It is very common for people to become more anxious as they get older. Personal safety and security become prime motivators in life; new and increasing ailments remind a person that they are vulnerable. Older people typically become more cautious and risk-averse with age. That said, it should not get in the way of performing normal activities nor should it occupy as much worry and concern as you describe. While not necessarily abnormal, anti-anxiety medication could be helpful to take the edge off and has little if any side effects. Check with the doctor to evaluate its appropriateness. READ MORE

  • At night, thinking prevents me from sleeping. Can I do anything about it?

    You may not be able to stop your mind from thinking, but it is possible to learn how to divert and relax your racing thoughts. The best technique comes from learning mindfulness meditation, where the practice involves witnessing the act of having a thought, and then returning to a focus on your breath. Your mind will naturally start thinking again, and each time you notice this you gently return to your breath. This practice offers a way to manage ones own thought process and return to the present moment, so you don't get lost in run-away thoughts. Calming the mind can also help you relax. READ MORE

  • What causes negative thoughts in a person?

    It depends on the severity and frequency of these negative phases. Are these periods sustained and frequent, or episodic and rare? If it happens continuously or is increasing in frequency it might suggest depression. If your negative thoughts increase in intensity, become scary, paranoid or suicidal, it is also problematic. But if you get in periodic funks that abate and don't go too deep I wouldn't be concerned. Track these patterns and if you find you can't willfully turn your thoughts around, or they happen more frequently or intensely, you are probably depressed and should see a therapist. READ MORE

Faculty Titles & Positions

  • Clinical Instructor in Psychology, Dept. of Psychiatry Harvard Medical School 1999 - 2003
  • Instructors Massachusetts School of Professional Psychology 1991 - 1995
  • Lecturer in Psychology Harvard University 1985 - 1986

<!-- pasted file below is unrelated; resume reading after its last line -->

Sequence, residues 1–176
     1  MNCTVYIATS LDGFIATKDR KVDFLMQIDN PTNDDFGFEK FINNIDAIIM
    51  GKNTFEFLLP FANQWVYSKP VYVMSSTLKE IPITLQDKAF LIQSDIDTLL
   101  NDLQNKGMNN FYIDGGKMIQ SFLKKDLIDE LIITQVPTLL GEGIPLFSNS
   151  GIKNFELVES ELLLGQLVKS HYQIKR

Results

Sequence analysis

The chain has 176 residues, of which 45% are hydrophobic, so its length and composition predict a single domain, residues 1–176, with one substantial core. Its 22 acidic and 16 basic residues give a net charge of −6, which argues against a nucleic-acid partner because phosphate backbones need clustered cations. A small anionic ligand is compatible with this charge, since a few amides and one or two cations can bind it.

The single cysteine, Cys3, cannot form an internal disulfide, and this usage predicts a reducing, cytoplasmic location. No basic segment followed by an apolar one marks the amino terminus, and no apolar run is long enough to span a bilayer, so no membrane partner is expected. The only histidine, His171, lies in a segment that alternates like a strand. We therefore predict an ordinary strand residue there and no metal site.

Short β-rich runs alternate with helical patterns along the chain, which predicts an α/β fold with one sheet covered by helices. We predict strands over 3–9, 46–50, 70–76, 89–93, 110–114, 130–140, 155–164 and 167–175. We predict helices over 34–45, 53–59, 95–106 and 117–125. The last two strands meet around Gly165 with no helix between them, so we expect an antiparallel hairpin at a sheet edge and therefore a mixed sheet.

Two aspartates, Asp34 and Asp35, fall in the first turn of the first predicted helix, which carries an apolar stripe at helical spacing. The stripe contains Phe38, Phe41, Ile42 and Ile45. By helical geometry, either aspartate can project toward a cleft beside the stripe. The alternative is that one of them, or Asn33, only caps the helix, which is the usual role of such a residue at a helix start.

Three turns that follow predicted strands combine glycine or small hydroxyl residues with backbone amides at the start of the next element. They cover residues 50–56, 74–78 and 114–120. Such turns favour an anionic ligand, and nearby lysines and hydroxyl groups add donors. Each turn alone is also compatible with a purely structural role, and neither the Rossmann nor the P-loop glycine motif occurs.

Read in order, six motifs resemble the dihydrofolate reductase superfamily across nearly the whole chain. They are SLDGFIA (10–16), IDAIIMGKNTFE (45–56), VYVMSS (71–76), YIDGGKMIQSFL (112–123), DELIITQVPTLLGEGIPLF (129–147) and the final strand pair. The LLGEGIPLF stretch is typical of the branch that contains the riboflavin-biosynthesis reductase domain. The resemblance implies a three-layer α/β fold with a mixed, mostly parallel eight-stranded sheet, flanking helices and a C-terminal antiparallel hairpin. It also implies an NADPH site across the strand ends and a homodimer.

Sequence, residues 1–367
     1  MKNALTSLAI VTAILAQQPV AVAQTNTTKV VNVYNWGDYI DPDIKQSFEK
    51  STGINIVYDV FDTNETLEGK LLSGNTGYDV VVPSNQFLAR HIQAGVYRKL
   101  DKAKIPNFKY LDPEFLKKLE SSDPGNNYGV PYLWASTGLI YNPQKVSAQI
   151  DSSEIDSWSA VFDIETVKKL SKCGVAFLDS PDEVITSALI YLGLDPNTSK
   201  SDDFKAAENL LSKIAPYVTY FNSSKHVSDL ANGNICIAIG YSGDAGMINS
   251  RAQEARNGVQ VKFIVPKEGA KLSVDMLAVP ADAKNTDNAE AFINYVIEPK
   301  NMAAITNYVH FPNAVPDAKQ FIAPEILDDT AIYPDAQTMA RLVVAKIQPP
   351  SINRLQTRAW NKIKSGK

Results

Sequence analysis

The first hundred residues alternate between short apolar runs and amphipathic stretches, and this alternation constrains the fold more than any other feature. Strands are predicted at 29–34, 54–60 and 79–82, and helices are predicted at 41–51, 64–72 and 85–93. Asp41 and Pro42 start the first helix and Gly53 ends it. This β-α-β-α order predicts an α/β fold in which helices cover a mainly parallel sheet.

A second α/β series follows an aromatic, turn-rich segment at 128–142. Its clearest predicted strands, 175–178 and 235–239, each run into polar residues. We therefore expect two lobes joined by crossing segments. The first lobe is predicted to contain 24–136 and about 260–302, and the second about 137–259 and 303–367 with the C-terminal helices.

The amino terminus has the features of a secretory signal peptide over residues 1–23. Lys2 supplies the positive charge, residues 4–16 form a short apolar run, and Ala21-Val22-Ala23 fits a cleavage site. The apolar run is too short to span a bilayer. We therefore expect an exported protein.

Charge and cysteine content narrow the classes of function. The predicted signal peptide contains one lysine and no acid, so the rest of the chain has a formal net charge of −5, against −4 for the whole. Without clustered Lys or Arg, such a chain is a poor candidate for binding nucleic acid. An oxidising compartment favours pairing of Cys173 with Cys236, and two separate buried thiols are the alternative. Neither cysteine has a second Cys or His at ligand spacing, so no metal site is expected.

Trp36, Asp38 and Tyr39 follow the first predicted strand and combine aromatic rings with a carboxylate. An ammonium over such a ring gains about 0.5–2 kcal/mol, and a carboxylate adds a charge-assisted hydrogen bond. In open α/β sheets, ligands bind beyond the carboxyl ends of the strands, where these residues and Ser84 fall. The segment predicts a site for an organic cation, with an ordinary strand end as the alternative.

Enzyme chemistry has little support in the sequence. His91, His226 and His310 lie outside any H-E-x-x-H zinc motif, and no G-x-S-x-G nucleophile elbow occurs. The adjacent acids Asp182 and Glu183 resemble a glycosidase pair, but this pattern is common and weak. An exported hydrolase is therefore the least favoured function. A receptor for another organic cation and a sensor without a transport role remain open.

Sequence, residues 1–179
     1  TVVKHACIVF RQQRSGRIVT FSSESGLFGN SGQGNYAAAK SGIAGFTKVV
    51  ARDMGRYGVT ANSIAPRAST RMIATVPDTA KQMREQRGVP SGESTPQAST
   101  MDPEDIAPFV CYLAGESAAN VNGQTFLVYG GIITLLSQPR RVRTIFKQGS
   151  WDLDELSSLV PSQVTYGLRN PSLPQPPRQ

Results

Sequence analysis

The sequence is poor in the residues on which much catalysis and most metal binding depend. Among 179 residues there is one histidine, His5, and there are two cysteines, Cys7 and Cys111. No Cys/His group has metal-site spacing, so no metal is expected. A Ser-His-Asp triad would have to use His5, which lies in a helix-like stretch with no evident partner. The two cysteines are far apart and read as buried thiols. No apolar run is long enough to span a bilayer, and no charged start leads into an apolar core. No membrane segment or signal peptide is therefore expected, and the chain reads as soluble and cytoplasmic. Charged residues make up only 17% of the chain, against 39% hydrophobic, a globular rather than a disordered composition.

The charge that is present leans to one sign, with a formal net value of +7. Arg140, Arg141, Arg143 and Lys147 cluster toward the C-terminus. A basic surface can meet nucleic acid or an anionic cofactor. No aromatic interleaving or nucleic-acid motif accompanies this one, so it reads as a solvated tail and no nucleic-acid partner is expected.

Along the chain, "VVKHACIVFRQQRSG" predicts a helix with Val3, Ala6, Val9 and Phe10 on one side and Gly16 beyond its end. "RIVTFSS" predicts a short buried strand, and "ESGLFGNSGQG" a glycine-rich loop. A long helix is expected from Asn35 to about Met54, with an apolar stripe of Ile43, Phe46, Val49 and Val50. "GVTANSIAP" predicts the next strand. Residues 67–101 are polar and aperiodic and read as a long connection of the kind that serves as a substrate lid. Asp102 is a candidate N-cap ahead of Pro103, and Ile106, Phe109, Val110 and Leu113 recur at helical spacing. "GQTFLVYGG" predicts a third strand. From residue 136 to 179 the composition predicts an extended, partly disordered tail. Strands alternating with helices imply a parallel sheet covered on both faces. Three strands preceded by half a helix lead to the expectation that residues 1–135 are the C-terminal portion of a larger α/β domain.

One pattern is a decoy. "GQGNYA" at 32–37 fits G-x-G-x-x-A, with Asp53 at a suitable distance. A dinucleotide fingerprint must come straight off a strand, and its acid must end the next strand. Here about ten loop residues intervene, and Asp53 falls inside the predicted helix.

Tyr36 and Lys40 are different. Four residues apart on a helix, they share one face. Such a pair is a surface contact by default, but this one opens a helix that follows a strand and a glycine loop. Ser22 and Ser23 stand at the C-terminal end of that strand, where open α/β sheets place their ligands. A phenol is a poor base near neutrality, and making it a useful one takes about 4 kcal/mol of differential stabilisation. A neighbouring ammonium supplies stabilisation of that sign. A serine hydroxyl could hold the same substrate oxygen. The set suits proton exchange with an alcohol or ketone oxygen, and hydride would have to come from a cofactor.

• George and Cecile Naumberg Fellow Harvard University 1979 - 1981
  • Clinical Fellow in Psychology in the Dept. of Psychiatry Harvard University 1979 - 1981

Awards

  • Branford Arts Prize 1976 Yale University 
  • Whos Who Among Human Service Professionals   
  • Whos Who Among American Women   

Treatments

  • Couples Therapy
  • Marriage Education
  • Individual Psychotherapy
  • Parent Education
  • Consultation Services to Individuals and Organizations
  • Supervision
  • Relationship Counseling
  • Relationship Issues
  • Grief Counseling
  • Depression
  • Anxiety
  • Stress
  • Life Transitions

Professional Memberships

  • American Psychological Association  
  • Massachusetts Psychological Association  
  • Professional Member American Psychological Association 
  • Professional Member Massachusetts Psychological Association 
  • Professional Member Coalition for Marriage, Family and Couples Education 

Publications

  • Jossey-BassWhy Do Fools Fall in Love?2001
  • Jossey-BassBeyond the Chuppah: A Jewish Guide to Happy Marriages2001

Charities and Philanthropic Endeavors

  • Founder and President, Partners for ACCESS (African Community Center for Social Sustainability), Uganda
  • Board of Directors (Past): Terezin Music Foundation

Dr. Janice R. Levine PH.D.'s Practice location

Dr. Janice Levine

76 Bedford Street -
Lexington, MA 02420
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New patients: 781-863-5600, 781-863-5600
Fax: 781-862-4306